SunLive         

Earth politics are a bit strange for those of us who are not from here. As a casual observer, it’s immediately obvious that Earthlings are really only concerned with what’s happening under their noses.

I play chess with an intergalactic solar jellyfish every Sunday and we were having a chuckle about this.

J-Fish loves to holiday down south in the Pacific. He’s right into trench diving and also has a bit of a weird thing going on with a fur seal.

This fur friend was telling him about the complicated system of politics that the land-based creatures have adopted. “They think they own the place,” my mate says, paraphrasing his spring fling in a weird barking voice.  

Essentially a whole bunch of these humans put pictures of themselves  by the side of the road and on moving picture boxes and try to convince other humans that they are the best.

If they are considered the best, they get to make some alterations to the rules.

How to win

First they have to get enough people to agree with them. They do this by making promises, which are actually more like suggestions. But it’s important to sound definite about it because humans are a hopeful species.

For example ‘faster houses’.

Humans love building things and houses are the main thing they build. Your position in society is determined by how pretty your house is and how many houses you have, where they are, how big they are.

You get the picture.

Humans work their whole lives just to build the right house in the right place.

They work themselves to the bone doing the most tedious things in exchange for the exclusive rights to a house.

Once it’s finally ‘owned’ they basically shrivel up and die.

So you can see why it is such a big deal for most humans and why building houses faster is important.

Humans have relatively short lives compared with where I’m from so speed is important, generally.

Not just in relation to houses.

More speed

As I mentioned they spend a large chunk of their lives doing tedious tasks to pay for their houses, so they don’t want to spend a lot of time getting to and from these tasks.

To mitigate this, they have these big, steel boxes which sit on rubber things and roll around at high speed.

This is a massive bone of contention for my mate’s fur friend – she’s had family members who have made the mistake of lying on the warm, flat rocks only to find they are artificial trails for these fast moving lumps of deadly steel.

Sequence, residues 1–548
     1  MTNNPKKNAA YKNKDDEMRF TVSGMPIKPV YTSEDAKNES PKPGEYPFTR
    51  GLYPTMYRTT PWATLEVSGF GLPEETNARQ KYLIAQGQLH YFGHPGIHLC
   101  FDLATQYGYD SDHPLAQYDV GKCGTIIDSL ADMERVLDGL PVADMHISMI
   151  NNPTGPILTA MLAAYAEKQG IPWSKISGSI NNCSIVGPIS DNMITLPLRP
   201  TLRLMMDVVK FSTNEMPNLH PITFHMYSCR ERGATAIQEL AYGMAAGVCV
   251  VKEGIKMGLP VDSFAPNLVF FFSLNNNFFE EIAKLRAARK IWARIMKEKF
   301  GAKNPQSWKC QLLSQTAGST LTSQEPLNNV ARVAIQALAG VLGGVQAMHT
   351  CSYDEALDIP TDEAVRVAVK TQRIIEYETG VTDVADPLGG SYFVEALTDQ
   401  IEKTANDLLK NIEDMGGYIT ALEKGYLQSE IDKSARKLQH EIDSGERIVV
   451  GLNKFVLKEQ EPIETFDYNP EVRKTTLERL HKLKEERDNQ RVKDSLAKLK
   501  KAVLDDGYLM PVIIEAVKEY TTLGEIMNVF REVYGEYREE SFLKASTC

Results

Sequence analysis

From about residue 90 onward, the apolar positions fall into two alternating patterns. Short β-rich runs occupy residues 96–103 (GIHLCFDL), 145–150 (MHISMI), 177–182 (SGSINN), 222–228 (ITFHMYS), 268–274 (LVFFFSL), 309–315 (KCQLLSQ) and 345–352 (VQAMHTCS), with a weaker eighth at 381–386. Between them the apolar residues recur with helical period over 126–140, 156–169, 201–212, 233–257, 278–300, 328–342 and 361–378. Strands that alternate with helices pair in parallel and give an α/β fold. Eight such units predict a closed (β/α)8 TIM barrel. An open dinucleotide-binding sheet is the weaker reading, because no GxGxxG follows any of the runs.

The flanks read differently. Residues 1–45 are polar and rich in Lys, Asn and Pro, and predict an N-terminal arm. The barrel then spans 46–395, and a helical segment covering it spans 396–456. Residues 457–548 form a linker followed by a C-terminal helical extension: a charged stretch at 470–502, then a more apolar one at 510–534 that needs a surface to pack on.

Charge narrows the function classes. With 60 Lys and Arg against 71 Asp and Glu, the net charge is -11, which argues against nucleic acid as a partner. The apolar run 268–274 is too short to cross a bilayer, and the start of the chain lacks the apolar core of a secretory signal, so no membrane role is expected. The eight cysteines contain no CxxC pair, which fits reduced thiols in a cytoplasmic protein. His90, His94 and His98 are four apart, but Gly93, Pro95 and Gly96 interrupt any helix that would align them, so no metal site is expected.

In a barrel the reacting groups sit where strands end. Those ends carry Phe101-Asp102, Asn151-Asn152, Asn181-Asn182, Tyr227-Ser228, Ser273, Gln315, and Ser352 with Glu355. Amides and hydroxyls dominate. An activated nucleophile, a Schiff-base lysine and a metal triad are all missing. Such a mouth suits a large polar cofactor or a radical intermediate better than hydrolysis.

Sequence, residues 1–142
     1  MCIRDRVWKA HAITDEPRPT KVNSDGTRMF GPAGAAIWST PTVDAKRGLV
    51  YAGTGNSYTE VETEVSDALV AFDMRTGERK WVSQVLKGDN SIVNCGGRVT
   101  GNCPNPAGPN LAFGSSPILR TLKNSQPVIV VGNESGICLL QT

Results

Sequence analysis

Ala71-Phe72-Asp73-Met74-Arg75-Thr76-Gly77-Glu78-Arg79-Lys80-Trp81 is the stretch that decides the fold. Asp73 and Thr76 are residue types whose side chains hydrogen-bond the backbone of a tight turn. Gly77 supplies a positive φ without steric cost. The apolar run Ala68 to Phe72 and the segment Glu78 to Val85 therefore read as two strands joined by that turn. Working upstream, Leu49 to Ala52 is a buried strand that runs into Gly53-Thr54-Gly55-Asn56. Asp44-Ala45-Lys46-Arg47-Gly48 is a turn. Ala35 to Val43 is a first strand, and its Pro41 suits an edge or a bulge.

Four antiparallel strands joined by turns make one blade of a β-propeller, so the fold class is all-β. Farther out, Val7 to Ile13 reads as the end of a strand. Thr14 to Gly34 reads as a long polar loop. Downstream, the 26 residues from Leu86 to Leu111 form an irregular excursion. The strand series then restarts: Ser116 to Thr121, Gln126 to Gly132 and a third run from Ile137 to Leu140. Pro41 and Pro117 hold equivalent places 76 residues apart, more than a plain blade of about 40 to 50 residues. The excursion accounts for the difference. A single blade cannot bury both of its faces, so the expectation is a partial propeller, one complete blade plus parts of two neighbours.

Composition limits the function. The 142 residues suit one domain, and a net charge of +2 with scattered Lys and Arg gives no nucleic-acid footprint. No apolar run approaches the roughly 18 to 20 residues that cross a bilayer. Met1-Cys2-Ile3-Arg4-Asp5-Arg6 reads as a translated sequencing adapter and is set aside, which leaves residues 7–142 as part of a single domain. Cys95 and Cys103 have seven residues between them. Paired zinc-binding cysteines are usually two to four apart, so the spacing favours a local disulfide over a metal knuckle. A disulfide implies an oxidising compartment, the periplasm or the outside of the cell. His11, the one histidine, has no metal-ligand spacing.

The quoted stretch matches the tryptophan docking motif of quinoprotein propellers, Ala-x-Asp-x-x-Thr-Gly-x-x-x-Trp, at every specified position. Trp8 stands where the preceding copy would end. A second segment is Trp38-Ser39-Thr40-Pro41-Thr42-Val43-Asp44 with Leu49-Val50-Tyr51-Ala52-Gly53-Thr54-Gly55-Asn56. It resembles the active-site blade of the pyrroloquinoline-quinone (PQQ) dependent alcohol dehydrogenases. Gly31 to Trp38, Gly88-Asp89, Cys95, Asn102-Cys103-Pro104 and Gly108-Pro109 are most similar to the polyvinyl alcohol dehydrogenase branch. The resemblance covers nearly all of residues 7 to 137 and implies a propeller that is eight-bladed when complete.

Roads they are called.

Her big eyes well up with tears when she’s barking on about it, my mate says.

Personally, I just think it’s an incredible spectacle watching these humans hurtling towards each other in their steel boxes.

Just as you are wincing for the impact, they pass within a tentacle length of each other. And we are not talking about long tentacles here.

Getting around

Anyway, there is nothing humans hate more than waiting behind another steel transport device which is going slower than the fastest maximum speed possible.

It’s incredible how many humans are injured, or worse, in this relentless pursuit of speed. But just about every last one of them does it.

They are quite mobile on their own and their lower tentacles are very effective over land. They can propel themselves through the water using all four tentacles but it’s quite hilarious if you ask J-Fish’s fur buddy. They have other machines for that but that’s another sensitive subject that’s not brought up very often.

The bottom line is that humans are obsessed with artificial things and speed so bigger roads and more roads are the theme.

The human that promises and provides a faster way of life usually gets elevated to the position of ‘boss of everyone’.

It’s time to look up

Anyway, the reason we were chuckling about this is that humans are looking in the wrong place for speed.

All the seriously fast things are in space.

Including the space not so far away.

Humans have launched thousands  of spinning objects into their own planetary orbit.

These things whiz past each other at fantastically high speeds and eventually one is going to collide with another and create thousands of other objects that will then go on to collide with other objects.

It could get very interesting and I’m basically only hanging around for that show. It’s due to happen this afternoon actually. A couple of pieces of space junk weighing 2.8 tonnes will either collide or miss each other by a few metres.

Anyway, good luck with all the politics you weird humans.

I’m off to watch the show.

daniel@thesun.co.nz

Daniel Hutchinson
From The Hutch